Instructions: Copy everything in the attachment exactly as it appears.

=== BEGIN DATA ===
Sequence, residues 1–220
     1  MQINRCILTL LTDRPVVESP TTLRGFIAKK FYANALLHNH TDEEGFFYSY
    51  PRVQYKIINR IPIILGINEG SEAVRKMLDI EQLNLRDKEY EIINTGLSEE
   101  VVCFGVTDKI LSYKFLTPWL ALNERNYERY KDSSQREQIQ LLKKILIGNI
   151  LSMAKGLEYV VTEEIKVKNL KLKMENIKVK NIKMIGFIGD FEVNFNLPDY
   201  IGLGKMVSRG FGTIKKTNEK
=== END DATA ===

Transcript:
Sequence, residues 1–220
     1  MQINRCILTL LTDRPVVESP TTLRGFIAKK FYANALLHNH TDEEGFFYSY
    51  PRVQYKIINR IPIILGINEG SEAVRKMLDI EQLNLRDKEY EIINTGLSEE
   101  VVCFGVTDKI LSYKFLTPWL ALNERNYERY KDSSQREQIQ LLKKILIGNI
   151  LSMAKGLEYV VTEEIKVKNL KLKMENIKVK NIKMIGFIGD FEVNFNLPDY
   201  IGLGKMVSRG FGTIKKTNEK